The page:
Christies never mentioned in that release that another 1774 from the same producer went for 57,000€ at the annual Percée du Vin in 2011, even though they're projecting it will go for the same amount. Wink Lorch has a very nice report of that sale, as well as in this season's World of Fine Wine. Nice trivia: there are seven more bottles. She also mentions that the wine was assumed to be VJ, because back then, Vin Jaune was a perjorative and the wine was referred to as Vin de Garde.
They might have not mentioned it because like the rest of the world, they might not actually know what the wine is. According to the press release and their site,
"This extraordinary bottle of Vin Jaune is probably the oldest unfortified example of what is to be still an astounding wine and another true rarity for wine lovers and connoisseurs.”
Vin Jaune is not fortified.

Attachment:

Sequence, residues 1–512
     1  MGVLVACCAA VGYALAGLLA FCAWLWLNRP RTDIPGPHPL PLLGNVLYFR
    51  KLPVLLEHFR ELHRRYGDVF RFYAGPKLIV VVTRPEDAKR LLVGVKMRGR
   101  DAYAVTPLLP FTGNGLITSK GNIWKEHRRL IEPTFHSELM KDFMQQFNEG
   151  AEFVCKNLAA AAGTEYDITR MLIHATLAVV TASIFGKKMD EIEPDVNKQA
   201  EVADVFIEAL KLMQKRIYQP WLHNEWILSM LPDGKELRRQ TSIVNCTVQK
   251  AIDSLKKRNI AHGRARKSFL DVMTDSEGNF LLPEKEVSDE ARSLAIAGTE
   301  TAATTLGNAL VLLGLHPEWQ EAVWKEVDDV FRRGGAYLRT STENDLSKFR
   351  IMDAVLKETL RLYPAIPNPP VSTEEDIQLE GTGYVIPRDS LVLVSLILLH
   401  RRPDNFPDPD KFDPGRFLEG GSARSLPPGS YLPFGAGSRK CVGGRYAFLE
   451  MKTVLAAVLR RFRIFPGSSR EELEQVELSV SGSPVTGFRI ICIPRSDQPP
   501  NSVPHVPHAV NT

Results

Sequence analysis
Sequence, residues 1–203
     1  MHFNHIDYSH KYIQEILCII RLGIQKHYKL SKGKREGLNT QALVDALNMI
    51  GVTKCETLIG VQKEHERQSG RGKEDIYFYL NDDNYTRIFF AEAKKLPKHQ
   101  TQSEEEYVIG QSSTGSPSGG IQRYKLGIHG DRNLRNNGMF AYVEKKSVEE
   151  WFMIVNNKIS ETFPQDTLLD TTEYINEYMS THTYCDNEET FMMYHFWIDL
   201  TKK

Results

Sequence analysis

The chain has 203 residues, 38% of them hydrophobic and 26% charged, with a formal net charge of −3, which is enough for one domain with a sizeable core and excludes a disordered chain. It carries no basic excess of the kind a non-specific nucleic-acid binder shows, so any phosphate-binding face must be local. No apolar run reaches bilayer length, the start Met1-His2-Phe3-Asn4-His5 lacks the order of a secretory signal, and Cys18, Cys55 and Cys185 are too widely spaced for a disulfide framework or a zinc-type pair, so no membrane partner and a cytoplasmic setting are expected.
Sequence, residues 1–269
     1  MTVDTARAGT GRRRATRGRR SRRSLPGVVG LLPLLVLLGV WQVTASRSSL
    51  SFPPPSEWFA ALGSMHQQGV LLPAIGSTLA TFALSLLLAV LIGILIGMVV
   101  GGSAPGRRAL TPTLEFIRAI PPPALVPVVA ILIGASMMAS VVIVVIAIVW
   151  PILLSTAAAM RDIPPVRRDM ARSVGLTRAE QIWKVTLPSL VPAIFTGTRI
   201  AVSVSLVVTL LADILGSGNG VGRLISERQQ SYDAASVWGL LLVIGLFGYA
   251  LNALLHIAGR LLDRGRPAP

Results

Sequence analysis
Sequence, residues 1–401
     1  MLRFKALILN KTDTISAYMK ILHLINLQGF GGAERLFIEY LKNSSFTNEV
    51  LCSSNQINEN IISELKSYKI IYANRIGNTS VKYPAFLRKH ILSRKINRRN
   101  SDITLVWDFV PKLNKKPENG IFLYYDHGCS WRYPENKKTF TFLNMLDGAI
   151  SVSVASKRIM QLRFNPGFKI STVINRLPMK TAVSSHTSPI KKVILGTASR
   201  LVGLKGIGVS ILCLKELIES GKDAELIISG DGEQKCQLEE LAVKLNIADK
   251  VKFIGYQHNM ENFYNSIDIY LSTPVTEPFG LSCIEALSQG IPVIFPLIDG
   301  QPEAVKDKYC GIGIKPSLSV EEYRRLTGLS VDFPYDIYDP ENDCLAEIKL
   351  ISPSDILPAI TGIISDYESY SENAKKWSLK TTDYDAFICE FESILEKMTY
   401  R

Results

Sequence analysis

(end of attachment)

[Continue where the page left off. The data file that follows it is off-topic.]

Maybe they know that and needed an editor to bring out the meaning of that sentence. Perhaps they mean that it is the best example they know of the long aging ability of an unfortified wine. I'll allow that, but just in case they don't, Vin Jaune, otherwise known by some as the crack, is a highly addictive taste, made from the spectacular grape, savagnin--harvested late. From there, it is made like any wine, sur voile, left unattended so, like sherry, develops a layer of yeast on top which both protects the wine from spoilage and also transforms the fresh fruit flavors into nutty, secondary ones. Unlike modern sherry, the wine is pure grape. By law, the wine may not be sold until six years and three months after harvest.
One of the recent one's I've loved? Domaine de la Tournelle 2002. I see the 2003 is around, as yet untasted. Given the heat of that vintage, I'll be quite curious to give it a go.